VERY RARE William Smith & Co ' WEDGeWOOD ' Blue Embossed Fruit Basket Transferware Plate
Brand William Smith & Co
William Smith of Stockton on Tees, Yorkshire England 1825-55
VERY RARE Fruit Basket Plate marked Wedgewood ( a rare forgery!)
Gorgeous and beautifully detailed basket of fruit with embossed edge and blue flowers and scrolls.
William Smith, a builder, founded the Stafford pottery situated between Thornaby road and the river in 1825 with a clay pit in close proximity for the manufacture of brown ware. However shortly afterwards he decided to branch out into making the more saleable white ware by importing the specialist clay from the West country. Then he went headhunting in Stoke on Trent and engaged, and ultimately took into partnership Mr John Whalley, a potter of considerable skill to carry out the work. Smith called his works "Stafford Pottery" (after Staffordshire- the county where Stoke-on-Trent is situated). By late 1826 William Smith & Company were selling more white ware than brown ware and as a consequence the brown ware pottery on the same site was let to other interested parties. Smith stamped and / or impressed his wares with the names Wedgewood (Wedgwood has no E), Vedgwood, etc. to imitate if not fool buyers into thinking they were buying real Wedgwood. It was not that Smith's wares were a lesser quality or of less beauty but because Wedgwood was a famous potter and name in the 1800's as well. Wedgwood took out an injunction against Smith forcing them to abandon all use of any Wedgwood spellings beginning in 1848, correct or not.
via The Potteries, the following is an extract from the 1865 book "The life of Josiah Wedgwood" by L. Jewitt:-
Injunction against Messrs. Smith and Co.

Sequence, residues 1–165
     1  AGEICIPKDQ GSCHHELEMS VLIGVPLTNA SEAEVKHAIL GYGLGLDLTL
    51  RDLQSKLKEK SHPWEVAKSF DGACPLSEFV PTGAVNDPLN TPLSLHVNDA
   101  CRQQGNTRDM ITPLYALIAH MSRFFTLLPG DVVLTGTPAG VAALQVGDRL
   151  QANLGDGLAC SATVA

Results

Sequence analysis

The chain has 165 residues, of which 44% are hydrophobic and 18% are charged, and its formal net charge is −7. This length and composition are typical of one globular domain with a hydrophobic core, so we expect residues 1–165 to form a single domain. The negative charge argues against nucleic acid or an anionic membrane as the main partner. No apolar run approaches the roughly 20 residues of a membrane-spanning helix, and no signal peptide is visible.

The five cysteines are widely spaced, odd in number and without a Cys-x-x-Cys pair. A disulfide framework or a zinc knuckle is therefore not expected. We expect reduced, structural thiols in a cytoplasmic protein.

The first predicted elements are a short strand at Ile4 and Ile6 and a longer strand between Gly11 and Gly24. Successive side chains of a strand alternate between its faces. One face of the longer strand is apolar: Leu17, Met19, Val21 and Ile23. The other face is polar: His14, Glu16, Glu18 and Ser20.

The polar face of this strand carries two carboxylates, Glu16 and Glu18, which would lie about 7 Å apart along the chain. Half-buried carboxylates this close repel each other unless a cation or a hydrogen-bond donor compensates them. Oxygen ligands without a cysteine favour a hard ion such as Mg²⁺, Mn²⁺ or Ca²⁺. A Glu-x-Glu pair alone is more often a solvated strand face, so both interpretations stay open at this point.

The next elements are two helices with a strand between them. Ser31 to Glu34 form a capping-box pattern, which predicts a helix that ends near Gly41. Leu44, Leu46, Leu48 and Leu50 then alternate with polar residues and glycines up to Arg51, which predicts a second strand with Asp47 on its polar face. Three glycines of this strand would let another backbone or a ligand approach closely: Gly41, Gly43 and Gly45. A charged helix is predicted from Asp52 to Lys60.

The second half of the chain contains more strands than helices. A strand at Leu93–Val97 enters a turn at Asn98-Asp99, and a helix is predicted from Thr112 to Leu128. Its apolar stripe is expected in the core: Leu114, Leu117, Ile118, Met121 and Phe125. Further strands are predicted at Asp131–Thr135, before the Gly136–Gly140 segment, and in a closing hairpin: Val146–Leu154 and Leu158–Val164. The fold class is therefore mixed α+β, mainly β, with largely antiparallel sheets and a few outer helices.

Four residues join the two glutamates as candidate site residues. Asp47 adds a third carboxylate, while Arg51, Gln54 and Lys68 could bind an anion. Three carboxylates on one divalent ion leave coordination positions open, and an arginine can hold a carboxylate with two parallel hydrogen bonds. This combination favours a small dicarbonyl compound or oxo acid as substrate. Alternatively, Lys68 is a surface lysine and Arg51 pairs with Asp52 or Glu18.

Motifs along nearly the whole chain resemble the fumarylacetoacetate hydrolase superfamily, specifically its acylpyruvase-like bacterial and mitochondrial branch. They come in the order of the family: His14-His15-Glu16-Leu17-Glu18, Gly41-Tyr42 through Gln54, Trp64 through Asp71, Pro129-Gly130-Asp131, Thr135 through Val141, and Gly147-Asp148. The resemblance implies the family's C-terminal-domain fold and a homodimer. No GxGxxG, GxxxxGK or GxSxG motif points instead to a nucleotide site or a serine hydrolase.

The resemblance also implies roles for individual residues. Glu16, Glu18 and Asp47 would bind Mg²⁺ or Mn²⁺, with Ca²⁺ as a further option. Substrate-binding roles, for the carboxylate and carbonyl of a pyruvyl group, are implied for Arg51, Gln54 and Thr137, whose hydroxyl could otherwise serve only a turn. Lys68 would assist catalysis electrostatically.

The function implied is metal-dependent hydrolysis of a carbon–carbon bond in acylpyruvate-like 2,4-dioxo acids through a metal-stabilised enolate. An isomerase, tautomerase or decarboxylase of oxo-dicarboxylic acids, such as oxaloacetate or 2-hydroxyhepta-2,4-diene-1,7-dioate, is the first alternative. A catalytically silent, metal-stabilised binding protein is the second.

"And now, while speaking of marks, a few words may opportunely be introduced on a matter which is somewhat puzzling to collectors, and about which they will doubtless be glad to receive enlightenment. It is this: in many collections pieces of one kind or other will be found bearing the mark WEDGWOOD & Co., and others with the mark of WEDGEWOOD, sometimes impressed, and sometimes in colour.
The latter, it will be observed, has a central E, which the real name of Wedgwood does not possess. These I have heard variously appropriated by collectors to Wedgwood and Bentley, to Wedgwood and Byerley, and to a dozen other supposed periods and people.
I am enabled to state that these pieces, many of them highly creditable and excellent productions, were not made by the Etruria Wedgwoods at all, but that the latter (the "Wedgewood," and sometimes the "Wedg-wood ") were the manufacture of Messrs. William Smith, and others, of Stockton, against whom Messrs. Wedgwood applied for and obtained an injunction restraining them from using the name of "Wedgwood, or " Wedgewood."
The following official notification will well explain this matter, and prove of considerable interest to collectors: –
"Mr. BETHELL on behalf of the Plaintiffs, Francis Wedgwood and Robert Brown (who carry on the business of Potters, at Etruria, in the Staffordshire Potteries, under the Firm of 'Josiah Wedgwood
Mr. J. Parker said he appeared for the Defendants, and consented without prejudice; and on his application for time to answer the Plaintiffs' Affidavits, the Court made an order accordingly.
Condition: No chips or cracks. Some clay pops and rough spots / glaze flakes around the rim
Measures: appx 9.25"
Marked on back: both stamped and impressed
Backstamp: Fruit Basket W S & Co
Impressed: 39 W. S. & Co's Wedgewood 2